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Hospitalized community-acquired pneumonia in the elderly: an Australian case-cohort study

Skull, Susan A., Andrews, Ross M., Byrnes, Graham B., Campbell, Donald A., Kelly, H. A., Brown, G. V. and Nolan, T. M. (2009). Hospitalized community-acquired pneumonia in the elderly: an Australian case-cohort study. Epidemiology and infection,137(2):194-202.

Document type: Journal Article
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IRMA ID 10619xPUB18
Title Hospitalized community-acquired pneumonia in the elderly: an Australian case-cohort study
Author Skull, Susan A.
Andrews, Ross M.
Byrnes, Graham B.
Campbell, Donald A.
Kelly, H. A.
Brown, G. V.
Nolan, T. M.
Journal Name Epidemiology and infection
Publication Date 2009
Volume Number 137
Issue Number 2
ISSN 0950-2688   (check CDU catalogue open catalogue search in new window)
Start Page 194
End Page 202
Total Pages 9
Place of Publication Cambridge, U.K.
Publisher Cambridge University Press
HERDC Category C1 - Journal Article (DEST)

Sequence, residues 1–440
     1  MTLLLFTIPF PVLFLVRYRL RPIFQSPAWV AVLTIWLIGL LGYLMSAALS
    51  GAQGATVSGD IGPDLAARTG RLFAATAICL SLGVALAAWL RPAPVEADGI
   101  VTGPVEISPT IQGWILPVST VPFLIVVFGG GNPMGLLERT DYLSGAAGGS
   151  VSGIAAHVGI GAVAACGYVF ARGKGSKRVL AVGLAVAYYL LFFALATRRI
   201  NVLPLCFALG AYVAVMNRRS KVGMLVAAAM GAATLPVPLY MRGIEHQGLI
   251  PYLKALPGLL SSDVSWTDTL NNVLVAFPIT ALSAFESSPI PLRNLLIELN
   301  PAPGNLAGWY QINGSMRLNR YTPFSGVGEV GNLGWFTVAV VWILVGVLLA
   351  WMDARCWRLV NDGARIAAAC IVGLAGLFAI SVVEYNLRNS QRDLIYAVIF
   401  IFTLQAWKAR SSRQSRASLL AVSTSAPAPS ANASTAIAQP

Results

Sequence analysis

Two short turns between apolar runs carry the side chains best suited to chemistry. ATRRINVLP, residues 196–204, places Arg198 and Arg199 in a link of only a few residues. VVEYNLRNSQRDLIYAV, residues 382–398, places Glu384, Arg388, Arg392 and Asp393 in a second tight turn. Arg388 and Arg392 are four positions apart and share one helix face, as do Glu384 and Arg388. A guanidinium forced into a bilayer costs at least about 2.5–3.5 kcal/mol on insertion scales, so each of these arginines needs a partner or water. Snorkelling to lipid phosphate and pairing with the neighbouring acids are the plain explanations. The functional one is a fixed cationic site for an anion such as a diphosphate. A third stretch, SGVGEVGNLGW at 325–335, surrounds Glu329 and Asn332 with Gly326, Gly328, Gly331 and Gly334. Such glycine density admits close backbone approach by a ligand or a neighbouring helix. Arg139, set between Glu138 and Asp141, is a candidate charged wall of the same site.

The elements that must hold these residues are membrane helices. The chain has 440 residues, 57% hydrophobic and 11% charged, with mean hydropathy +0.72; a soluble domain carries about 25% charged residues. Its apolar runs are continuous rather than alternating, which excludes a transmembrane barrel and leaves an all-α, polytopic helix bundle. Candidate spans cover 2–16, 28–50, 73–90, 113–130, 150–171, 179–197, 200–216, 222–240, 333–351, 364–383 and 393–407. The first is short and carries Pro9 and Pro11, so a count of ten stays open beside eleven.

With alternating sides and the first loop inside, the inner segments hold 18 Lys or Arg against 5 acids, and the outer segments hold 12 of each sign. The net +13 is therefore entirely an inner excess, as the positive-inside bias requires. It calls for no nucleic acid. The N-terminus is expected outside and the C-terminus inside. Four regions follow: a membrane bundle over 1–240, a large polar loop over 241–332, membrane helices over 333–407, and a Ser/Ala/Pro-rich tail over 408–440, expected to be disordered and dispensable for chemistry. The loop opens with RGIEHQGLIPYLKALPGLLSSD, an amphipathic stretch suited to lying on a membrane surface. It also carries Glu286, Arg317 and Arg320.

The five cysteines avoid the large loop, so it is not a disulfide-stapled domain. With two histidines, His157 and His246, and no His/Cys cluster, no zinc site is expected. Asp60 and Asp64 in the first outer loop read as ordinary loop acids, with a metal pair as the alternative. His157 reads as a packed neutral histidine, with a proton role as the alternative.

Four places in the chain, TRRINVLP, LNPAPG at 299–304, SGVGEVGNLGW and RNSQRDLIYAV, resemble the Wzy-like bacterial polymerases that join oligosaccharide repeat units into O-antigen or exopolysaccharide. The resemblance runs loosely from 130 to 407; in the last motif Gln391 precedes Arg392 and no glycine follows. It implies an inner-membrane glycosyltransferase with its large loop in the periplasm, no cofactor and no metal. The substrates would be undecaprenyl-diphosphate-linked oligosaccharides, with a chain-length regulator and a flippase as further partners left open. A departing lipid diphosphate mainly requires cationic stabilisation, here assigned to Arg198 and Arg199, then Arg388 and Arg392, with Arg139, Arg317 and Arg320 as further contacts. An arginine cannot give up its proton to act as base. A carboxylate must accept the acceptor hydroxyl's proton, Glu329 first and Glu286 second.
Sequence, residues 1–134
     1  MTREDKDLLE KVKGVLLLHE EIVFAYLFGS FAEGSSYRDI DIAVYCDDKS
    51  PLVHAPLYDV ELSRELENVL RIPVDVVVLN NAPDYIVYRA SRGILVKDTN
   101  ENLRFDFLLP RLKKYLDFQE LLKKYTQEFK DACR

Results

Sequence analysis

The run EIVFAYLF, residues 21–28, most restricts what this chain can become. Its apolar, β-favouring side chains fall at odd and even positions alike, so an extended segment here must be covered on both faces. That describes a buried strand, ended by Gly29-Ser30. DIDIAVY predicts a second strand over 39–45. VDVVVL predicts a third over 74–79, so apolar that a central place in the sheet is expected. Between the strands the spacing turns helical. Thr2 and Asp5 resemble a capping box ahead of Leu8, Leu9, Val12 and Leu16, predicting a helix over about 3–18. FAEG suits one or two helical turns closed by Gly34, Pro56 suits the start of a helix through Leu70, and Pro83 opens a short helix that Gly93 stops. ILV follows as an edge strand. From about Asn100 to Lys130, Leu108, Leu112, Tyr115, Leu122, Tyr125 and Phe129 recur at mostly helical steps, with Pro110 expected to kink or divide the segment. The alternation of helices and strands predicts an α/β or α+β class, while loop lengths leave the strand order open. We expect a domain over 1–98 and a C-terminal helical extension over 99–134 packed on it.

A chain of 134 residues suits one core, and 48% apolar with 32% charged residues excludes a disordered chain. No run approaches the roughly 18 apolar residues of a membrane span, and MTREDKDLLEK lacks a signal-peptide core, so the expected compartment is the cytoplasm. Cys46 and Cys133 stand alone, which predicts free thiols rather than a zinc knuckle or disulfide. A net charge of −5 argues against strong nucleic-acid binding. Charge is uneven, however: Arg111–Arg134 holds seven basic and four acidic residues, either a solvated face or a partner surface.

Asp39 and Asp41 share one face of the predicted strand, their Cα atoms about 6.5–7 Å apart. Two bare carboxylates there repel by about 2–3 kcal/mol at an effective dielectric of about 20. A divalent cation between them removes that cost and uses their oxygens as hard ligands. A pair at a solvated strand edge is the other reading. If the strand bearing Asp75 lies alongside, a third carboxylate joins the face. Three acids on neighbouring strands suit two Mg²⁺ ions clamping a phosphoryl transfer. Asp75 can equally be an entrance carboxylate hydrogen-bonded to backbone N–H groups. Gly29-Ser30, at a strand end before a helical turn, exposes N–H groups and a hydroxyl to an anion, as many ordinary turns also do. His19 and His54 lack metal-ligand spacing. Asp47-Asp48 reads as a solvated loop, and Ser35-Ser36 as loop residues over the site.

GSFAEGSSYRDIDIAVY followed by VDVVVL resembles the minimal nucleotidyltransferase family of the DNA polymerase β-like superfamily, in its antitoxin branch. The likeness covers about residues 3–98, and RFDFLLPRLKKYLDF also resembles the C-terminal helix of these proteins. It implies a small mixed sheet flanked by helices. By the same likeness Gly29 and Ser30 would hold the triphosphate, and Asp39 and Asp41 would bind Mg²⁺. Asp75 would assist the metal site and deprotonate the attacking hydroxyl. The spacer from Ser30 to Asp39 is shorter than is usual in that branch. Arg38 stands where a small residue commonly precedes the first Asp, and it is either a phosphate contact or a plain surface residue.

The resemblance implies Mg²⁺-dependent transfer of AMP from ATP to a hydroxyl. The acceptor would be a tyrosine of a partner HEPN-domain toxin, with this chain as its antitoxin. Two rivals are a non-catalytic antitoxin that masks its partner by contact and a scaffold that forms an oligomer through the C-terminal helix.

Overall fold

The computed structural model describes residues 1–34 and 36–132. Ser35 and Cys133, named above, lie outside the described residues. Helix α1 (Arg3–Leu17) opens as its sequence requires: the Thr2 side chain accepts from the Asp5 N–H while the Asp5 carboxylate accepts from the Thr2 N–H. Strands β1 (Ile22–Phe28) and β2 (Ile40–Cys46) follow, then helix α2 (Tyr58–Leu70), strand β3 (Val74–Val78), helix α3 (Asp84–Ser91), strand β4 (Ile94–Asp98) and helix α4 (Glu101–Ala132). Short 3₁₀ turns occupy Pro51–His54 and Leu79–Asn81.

Abstract This study describes the epidemiology of community-acquired pneumonia (CAP) in elderly Australians for the first time. Using a case-cohort design, cases with CAP were in-patients aged > or = 65 years with ICD-10-AM codes J10-J18 admitted over 2 years to two tertiary hospitals. The cohort sample was randomly selected from all hospital discharges, frequency-matched to cases by month. Logistic regression was used to estimate risk ratios for factors predicting CAP or associated mortality. A total of 4772 in-patients were studied. There were 1952 cases with CAP that represented 4% of all elderly admissions: mean length of stay was 9.0 days and 30-day mortality was 18%. Excluding chest radiograph, 520/1864 (28%) cases had no investigations performed. The strongest predictors of CAP were previous pneumonia, history of other respiratory disease, and aspiration. Intensive-care-unit admission, renal disease and increasing age were the strongest predictors of mortality, while influenza vaccination conferred protection. Hospitalization with CAP in the elderly is common, frequently fatal and a considerable burden to the Australian community. Investigation is ad hoc and management empirical. Influenza vaccination is associated with reduced mortality. Patient characteristics can predict risk of CAP and subsequent mortality.
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